Everything You Need to Know: How Nazi Germany Ruthlessly Controlled Europe

August 6, 2017 Topic: History Region: Europe Blog Brand: The Buzz Tags: NazisEuropeWorld War IIOccupationMilitaryTechnology

Everything You Need to Know: How Nazi Germany Ruthlessly Controlled Europe

Hitler’s Germany was known for its organization and efficiency, as well as its deprivations, terror, and cruelty. This was exemplified in its security forces.

Hitler’s Germany was known for its organization and efficiency, as well as its deprivations, terror, and cruelty. This was exemplified in its security forces.

Among the many Third Reich police and security organizations were several military police types, the Feldgendarmerie, Geheime Feldpolizei, Heeresstreifendienst, Marinekusten-Polizei, and numerous police-security regiments and divisions. In addition to the military police there were state security organs such as the SS, SD, and the Gestapo, which were also found to operate in combat zones as well as in Germany and the occupied territories.

The Rise of Nazi Paramilitary Police

The Treaty of Versailles, which ended World War I, imposed limits on the manpower of the German Army, and military police units were disbanded. With the Nazi rise to power and the start of World War II, the floodgates were opened for numerous police organizations to be formed and also the creation of a chaotic hierarchy of security forces.

The seed of the German military police began with state police organizations. The various state police battalions across Germany in the early 1930s were, in effect, paramilitary organizations, which allowed the Nazis to quickly expand both the Army and the military police by converting these units to national service once the party came to power.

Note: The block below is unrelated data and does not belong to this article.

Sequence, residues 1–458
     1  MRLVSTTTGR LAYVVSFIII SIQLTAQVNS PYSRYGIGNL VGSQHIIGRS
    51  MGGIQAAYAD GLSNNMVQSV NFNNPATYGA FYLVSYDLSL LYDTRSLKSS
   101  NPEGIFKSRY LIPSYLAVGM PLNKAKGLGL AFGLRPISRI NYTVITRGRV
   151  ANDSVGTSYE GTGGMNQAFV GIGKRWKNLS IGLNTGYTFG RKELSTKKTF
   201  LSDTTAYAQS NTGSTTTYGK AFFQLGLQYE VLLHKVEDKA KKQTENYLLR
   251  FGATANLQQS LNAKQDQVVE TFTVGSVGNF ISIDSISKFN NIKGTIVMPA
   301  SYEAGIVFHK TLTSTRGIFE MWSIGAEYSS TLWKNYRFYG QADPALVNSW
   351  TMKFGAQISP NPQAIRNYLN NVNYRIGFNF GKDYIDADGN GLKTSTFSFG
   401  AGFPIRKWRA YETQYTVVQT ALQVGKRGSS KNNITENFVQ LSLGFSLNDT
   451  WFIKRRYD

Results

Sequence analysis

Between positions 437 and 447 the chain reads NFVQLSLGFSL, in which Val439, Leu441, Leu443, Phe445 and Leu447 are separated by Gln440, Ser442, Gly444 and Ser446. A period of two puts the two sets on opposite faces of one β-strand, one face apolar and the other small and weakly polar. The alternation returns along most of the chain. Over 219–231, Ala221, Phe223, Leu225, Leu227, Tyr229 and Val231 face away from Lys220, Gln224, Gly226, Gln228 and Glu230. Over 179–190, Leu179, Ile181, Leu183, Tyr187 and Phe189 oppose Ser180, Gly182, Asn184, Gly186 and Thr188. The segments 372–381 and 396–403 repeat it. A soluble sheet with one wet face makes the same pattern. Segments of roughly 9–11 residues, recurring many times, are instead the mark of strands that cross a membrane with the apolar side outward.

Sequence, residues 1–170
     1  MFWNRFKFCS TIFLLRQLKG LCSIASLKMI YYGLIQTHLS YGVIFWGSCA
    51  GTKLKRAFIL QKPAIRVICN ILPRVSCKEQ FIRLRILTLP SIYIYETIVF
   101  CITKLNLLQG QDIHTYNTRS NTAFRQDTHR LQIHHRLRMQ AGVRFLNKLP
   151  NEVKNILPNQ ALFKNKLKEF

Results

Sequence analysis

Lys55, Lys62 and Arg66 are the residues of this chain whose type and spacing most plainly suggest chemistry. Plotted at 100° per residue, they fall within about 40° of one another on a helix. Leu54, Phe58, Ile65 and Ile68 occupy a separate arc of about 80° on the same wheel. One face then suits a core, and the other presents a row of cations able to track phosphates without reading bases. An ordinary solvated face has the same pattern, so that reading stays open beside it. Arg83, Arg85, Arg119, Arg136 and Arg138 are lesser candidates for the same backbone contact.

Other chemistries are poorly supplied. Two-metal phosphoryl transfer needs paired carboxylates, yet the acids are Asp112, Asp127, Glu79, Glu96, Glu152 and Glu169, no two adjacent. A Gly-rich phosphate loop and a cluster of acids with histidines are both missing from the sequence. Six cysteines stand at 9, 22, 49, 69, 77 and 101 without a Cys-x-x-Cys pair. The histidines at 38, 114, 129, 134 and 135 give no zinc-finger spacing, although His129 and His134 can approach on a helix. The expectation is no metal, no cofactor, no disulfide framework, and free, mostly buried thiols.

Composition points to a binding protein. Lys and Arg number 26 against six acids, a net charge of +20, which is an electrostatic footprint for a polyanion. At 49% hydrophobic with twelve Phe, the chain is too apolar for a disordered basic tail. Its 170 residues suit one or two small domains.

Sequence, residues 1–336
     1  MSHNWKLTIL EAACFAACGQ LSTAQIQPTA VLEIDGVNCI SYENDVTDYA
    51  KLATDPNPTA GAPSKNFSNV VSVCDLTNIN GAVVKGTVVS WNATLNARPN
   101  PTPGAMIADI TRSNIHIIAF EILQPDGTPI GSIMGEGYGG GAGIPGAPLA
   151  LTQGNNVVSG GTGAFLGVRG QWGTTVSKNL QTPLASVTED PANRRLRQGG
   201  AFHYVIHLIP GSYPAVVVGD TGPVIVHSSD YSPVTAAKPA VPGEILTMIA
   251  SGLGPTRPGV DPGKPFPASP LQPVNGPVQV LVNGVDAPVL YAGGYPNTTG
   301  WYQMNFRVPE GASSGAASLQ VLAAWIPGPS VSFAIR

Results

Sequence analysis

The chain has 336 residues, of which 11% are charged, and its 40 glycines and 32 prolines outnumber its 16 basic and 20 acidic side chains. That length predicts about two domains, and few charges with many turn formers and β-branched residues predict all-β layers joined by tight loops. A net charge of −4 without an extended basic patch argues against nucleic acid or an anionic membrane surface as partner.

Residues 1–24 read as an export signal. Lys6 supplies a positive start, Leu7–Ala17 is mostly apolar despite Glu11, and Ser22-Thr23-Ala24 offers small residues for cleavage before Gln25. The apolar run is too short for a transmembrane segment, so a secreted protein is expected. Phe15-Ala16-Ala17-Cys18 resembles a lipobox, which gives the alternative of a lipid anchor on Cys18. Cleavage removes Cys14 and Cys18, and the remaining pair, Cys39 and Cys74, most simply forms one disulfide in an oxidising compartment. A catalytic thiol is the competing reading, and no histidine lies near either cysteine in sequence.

In January 1934, the Nazi regime began unifying the various state police forces into the Landespolizei by transferring police powers to the national level. The post of chief of the German police in the Ministry of the Interior was created with Heinrich Himmler appointed to the position, thus blurring the lines between the police and the SS. As a result, the position of SS and police leader was created in 1938. The purpose of the SS and police leader was to be a direct command authority for every SS and police unit in a given geographical region, answering only to Himmler and Adolf Hitler.

The Feldgendarmerie: Equipment and Duties


The Feldgendarmerie was the regular military police arm of the Wehrmacht. Not only was it associated with standard military police duties, but some Feldgendarmerie units were assigned occupation duties in the territories controlled by the Wehrmacht. Their missions ranged from traffic control and civilian policing to suppression and execution of partisans.